30 Great Website Footers

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  • Title: 30 Great Website Footers
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  • Summary: A selection of website footers that have inspired me
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Today, a Footer is essential to a website. It shows the user that they’ve reach the end of the page and provides them with some additional information/links. Without a Footer, many users may wonder if the page has fully loaded within their browser.

Recent trends in Web Design have expanded on the traditional Footer, which contain a handful of links and perhaps a Copyright notice. These new Footer designs stand out from the norm and can provide a dramatic ending to a user’s scrolling experience.

Although I’m a Web Developer by day, I do have a keen eye for good design on the Web. So the following is a selection of my favourite website Footers.

Firstly, starting with what I consider a bad footer:
In general, Wiggle’s site comes across as cluttered and takes a while for the user to digest and find what they’re looking for. It’s also full-width, so on a larger resolution monitor can appear to have too much whitespace. Admittedly, the Footer does have some valid information, but could be laid out better.

So what makes a good footer?

Added Bytes has 3 clearly defined columns showing the user information about the author, his recent work and contact information. It also contains a few obligatory social media icons.

andrew wilkinson
Andrew Wilkinson has a hand-drawn/illustrated feel to the Footer, again with 3 distinct columns.

Apple’s site is clean and crisp throughout, though their Footer is very simple and allows the main content to take centre stage. However, interestingly it contains a breadcrumb of the user’s path to the current page.

The BBC’s recent redesign impressed me, especially the Footer – which provides useful links for the user and uses a neutral colour palette, so that it doesn’t clash with the various pages throughout the site.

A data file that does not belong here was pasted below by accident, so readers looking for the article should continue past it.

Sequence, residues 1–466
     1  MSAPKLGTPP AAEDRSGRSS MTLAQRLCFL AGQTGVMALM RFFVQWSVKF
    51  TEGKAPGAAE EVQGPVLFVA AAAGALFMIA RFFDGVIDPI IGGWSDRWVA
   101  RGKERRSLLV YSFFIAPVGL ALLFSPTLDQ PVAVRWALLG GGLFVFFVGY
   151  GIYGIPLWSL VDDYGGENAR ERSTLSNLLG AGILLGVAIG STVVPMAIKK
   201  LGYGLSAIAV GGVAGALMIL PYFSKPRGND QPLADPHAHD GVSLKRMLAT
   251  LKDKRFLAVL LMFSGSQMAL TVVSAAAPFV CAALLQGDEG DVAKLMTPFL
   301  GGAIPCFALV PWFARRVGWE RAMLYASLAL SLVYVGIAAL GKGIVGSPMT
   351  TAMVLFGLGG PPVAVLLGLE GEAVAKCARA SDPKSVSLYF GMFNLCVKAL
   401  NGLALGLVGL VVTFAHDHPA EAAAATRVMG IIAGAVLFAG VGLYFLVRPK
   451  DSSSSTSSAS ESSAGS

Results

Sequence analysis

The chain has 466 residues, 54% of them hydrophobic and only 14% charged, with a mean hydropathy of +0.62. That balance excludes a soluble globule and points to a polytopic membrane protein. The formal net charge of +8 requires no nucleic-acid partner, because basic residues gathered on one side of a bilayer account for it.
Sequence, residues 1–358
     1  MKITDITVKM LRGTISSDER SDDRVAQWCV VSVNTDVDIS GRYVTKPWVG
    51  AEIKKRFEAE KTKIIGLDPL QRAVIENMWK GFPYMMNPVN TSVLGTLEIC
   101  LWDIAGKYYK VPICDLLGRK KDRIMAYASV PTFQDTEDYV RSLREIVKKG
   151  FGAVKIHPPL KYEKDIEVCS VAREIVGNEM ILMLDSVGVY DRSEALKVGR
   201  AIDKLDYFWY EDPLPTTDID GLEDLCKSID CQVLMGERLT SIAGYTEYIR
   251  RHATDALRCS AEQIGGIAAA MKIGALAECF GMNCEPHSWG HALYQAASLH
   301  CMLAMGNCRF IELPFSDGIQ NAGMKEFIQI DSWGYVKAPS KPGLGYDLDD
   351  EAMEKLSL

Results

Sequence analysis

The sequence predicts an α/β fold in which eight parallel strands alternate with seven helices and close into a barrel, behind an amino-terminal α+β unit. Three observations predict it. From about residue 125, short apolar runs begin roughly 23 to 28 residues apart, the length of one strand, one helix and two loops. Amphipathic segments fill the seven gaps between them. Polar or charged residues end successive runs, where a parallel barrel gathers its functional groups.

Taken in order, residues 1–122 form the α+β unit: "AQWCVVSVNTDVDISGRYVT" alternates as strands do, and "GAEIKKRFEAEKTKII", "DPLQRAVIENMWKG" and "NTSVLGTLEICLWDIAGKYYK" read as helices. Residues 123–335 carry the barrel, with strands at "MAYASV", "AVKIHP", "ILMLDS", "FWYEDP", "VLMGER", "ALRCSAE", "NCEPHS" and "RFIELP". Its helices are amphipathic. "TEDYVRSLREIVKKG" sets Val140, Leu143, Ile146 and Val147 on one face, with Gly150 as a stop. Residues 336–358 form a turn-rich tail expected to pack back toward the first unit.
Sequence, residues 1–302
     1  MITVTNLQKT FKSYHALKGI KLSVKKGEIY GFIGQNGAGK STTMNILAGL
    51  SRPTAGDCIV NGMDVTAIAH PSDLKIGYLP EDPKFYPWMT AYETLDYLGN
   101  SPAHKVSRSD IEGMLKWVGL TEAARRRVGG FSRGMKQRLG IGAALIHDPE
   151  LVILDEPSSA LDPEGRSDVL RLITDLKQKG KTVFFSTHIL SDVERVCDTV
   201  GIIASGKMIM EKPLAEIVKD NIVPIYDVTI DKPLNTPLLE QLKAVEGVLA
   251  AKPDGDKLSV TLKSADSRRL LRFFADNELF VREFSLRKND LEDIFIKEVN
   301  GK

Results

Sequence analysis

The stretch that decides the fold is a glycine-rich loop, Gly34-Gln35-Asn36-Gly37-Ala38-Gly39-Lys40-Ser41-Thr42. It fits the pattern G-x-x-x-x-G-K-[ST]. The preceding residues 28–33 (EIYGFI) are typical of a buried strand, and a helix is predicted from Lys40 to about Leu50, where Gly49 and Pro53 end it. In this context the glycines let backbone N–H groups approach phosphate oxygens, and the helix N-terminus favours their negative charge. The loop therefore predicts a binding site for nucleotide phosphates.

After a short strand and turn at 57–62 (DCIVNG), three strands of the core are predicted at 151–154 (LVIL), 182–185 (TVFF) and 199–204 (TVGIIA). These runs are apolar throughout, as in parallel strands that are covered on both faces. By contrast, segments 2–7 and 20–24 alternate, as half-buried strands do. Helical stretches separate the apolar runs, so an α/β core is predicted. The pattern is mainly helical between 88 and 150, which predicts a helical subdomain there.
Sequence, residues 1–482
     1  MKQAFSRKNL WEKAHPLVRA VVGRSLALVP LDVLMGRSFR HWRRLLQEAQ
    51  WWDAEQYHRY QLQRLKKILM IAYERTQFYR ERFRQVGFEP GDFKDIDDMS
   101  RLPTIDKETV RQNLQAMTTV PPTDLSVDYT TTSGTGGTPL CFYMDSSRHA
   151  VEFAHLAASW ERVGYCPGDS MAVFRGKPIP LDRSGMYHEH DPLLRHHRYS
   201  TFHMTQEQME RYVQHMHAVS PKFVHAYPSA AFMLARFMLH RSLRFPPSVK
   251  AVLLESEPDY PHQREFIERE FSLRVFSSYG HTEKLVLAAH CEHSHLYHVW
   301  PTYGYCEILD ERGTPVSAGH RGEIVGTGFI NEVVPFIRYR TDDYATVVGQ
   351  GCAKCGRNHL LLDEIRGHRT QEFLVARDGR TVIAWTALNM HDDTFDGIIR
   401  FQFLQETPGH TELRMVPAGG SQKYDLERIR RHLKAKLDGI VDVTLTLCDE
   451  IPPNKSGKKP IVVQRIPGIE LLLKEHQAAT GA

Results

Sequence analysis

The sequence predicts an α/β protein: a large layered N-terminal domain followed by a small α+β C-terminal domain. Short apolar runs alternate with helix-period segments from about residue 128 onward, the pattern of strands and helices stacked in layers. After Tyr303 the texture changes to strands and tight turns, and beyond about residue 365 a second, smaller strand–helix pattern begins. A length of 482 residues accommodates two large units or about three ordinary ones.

binary bonsai
Binary Bonsai has a black/white Footer with a paragraph about the site along with 4 columns of links.

Cephas is a good contrast to Binary Bonsai – in that it’s black text on a white background, again with 4 columns.

colour lovers
Colour Lovers has 3 columns with recent forum posts, blog comments and an about section.

design bombs
Design Bombs has a great illustrated Footer, that echoes the site’s theme.

Dyn has a huge footer containing a vast amount of information, including their latest tweets; flickr feed; site links; social media badges and even a contact form.

elliot jay stocks
Elliot Jay Stocks’ Footer contains a selection of links, but I think its greatest feature is the huge search box.

hash rocket
Hash Rocket has a background-image of a planet within its Footer, which contrasts well with the white background of the rest of the page.

i am paddy
I am Paddy’s footer is very clean and simple with several icons that darken on rollover.

impulse studios
Impulse Studios incorporates a login form for their clients into the Footer, which is finished off with a wood-effect background.

jon raasch
Jon Raasch is another example of an illustrated Footer that reflects the colourful header of the site.

komodo media
Komodo Media’s Footer contains several CDs that change on rollover to show their latest tracks from last.fm

Line25’s Footer continues the blueprint theme of the page and contains what could be described as avatars of affiliate sites.

little box of ideas
Little Box Of Ideas’ Footer makes good use of Lego bricks as links to social media sites. The typography suits the rest of the site well and stands out well compared to others on this list.

Microsoft’s Footer is split into 5 columns and fades well to the blue background. It provides the user with more links in relation to the section of the site they’re on – in this example, Windows.